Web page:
Empowering the State Ethics Commission or some other outside group to punish legislators for breaking ethics laws – the primary campaign issue for dozens of newly elected or re-elected state lawmakers – would require an amendment to the state Constitution, the dean of USC’s law school told House Republicans Thursday.
But government watchdog groups said interpreting the Constitution that way puts lawmakers above the law.
Article 3, Section 12 of the state Constitution says, in part: “each house shall choose its own officers, determine its rules of procedure, punish its members for disorderly conduct.”
Rob Wilcox, dean of the USC School of Law, told lawmakers that means the House and Senate are the only entities that can punish their members for breaking House and Senate rules. But he said lawmakers can get some help in investigating lawmakers.
Wilcox suggested lawmakers form a commission, including members of the public, to investigate and recommend punishment for violation of House and Senate rules. However, House and Senate lawmakers would have the final decision. Wilcox compared his proposed process to the way the state Supreme Court disciplines attorneys by first having complaints investigated against the laws investigated by the Commission on Lawyer Conduct.
“The inclusion of the public is designed to provide assurances this is not a closed disciplinary process,” Wilcox told members of the House GOP ethics study committee, one of four committees studying ethics reform in advance of the 2013 legislative session.
“That’s certainly a viable option,” said state Rep. Murrell Smith, R-Sumter, chairman of the GOP study committee. “If you can have an investigatory arm, you can also have some input or some type of committee where the perception is the fox is not guarding the henhouse.”
But Ashley Landess of the S.C. Policy Council and John Crangle of Common Cause said lawmakers accused of breaking state ethics laws should be investigated by law enforcement, instead of by their fellow lawmakers.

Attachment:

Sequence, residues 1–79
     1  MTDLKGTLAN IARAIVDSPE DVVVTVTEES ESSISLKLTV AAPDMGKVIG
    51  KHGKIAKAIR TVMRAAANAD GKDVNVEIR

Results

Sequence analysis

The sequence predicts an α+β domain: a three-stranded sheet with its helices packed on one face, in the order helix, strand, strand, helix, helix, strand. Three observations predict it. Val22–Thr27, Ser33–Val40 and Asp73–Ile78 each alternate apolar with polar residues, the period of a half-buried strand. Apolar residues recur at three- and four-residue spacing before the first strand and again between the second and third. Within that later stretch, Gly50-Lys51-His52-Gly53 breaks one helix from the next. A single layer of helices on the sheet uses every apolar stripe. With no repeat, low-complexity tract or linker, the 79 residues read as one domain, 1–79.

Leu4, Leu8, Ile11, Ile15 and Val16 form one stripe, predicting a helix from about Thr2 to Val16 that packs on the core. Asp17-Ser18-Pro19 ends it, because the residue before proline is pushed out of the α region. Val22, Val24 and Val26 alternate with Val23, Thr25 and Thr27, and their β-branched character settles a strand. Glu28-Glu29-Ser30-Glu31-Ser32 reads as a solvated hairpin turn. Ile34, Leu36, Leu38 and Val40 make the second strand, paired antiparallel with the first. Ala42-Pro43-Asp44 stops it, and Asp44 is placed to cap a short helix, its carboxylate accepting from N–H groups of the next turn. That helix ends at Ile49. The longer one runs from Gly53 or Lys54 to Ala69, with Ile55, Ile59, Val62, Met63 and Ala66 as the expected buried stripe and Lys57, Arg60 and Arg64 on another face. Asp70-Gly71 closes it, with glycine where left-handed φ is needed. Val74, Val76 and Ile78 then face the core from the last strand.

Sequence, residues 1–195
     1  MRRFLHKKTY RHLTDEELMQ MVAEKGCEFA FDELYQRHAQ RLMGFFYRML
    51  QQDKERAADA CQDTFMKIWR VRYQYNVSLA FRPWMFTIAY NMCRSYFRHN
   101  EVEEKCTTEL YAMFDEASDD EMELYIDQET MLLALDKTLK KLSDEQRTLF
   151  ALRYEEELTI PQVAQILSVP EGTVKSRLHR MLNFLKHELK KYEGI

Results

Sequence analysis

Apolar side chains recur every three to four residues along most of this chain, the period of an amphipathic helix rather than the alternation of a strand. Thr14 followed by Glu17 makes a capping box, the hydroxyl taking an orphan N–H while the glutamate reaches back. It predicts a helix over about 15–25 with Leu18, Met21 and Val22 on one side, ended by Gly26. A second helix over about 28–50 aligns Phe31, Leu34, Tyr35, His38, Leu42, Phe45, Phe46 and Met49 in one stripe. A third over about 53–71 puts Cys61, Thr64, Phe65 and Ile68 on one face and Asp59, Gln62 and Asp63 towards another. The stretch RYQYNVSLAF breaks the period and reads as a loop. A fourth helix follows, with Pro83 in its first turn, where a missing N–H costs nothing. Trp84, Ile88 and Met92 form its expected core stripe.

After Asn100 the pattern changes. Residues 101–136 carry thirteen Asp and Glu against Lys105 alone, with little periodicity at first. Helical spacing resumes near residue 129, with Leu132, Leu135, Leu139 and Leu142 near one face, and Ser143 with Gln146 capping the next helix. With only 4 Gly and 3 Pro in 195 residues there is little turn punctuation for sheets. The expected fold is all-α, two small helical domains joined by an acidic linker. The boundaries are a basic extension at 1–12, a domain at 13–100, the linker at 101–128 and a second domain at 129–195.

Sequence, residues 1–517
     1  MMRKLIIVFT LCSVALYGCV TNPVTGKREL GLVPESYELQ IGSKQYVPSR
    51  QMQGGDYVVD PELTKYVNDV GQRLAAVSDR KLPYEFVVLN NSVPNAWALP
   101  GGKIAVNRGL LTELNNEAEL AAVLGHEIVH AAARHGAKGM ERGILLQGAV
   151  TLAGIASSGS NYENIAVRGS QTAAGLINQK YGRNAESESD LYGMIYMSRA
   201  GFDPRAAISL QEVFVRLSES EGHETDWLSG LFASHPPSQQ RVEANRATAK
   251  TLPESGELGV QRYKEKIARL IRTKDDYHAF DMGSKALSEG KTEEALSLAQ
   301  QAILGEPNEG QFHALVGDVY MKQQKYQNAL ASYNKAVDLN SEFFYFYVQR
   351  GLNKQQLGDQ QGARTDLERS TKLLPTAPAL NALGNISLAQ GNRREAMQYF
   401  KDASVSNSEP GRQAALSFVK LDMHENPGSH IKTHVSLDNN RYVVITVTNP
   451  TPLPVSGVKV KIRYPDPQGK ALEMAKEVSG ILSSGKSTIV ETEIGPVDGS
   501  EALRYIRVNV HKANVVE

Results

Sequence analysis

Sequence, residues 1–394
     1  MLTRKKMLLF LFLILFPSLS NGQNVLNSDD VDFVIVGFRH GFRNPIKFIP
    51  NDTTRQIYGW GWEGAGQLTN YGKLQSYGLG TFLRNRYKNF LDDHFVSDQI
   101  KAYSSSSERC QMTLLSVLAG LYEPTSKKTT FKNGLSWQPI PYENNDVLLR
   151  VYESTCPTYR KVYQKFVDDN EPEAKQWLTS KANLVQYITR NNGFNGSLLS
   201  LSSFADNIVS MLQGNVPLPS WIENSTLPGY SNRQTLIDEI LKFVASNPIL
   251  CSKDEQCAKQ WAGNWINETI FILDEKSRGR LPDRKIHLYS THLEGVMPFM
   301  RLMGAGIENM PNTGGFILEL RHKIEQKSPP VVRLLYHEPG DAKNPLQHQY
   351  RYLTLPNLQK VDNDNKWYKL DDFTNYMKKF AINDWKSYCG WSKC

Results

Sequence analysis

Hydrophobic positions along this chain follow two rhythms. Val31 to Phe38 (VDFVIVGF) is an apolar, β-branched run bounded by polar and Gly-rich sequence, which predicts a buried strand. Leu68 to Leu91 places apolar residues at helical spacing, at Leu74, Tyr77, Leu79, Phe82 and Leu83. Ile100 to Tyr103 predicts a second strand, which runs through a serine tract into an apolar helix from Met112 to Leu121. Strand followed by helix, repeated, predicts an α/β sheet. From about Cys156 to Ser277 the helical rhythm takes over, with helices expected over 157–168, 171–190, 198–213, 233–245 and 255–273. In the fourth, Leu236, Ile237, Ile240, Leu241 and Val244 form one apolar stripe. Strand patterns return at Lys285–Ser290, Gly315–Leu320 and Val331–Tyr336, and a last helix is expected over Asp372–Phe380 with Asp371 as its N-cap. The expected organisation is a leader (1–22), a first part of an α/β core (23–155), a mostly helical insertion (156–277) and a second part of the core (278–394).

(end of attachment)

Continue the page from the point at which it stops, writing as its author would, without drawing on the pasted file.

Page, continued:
“Disciplining each other is not the same as investigating violations of state law,” Landess said in an interview with The State newspaper. “They don’t have the authority to investigate state law in the Legislature, period.”
State law says the House and Senate ethics committees have to investigate all ethics complaints against lawmakers, including violations of the state’s ethics laws. But that does not prevent law enforcement agencies from also investigating and prosecuting lawmakers on their own. The tricky part is figuring out when an ethics violation is a criminal act.
For example, House Speaker Bobby Harrell, R-Charleston, faces accusations of breaking state ethics laws by spending campaign contributions on personal items – accusations Harrell disputes.
Landess and Crangle have vowed to file a complaint with the House Ethics Committee. But they also are urging state Attorney General Alan Wilson to take over the case and met with Wilson Thursday. Wilson has said the House Ethics Committee “must be given the chance to proceed as designed by law.”
Across the state, dozens of candidates campaigned for the state Legislature promising to reform state ethics laws, including Beth Bernstein, who defeated state Rep. Joan Brady, R-Richland, a member of the House Ethics Committee. Bernstein noted a political action committee affiliated with Harrell donated money to the campaigns of all five Republicans on the six-member House Ethics Committee
“You have your most powerful House member questioned publicly about campaign expenditures and no confidence that there will be an independent investigation,” Landess said.
Reach Beam at (803) 386-7038.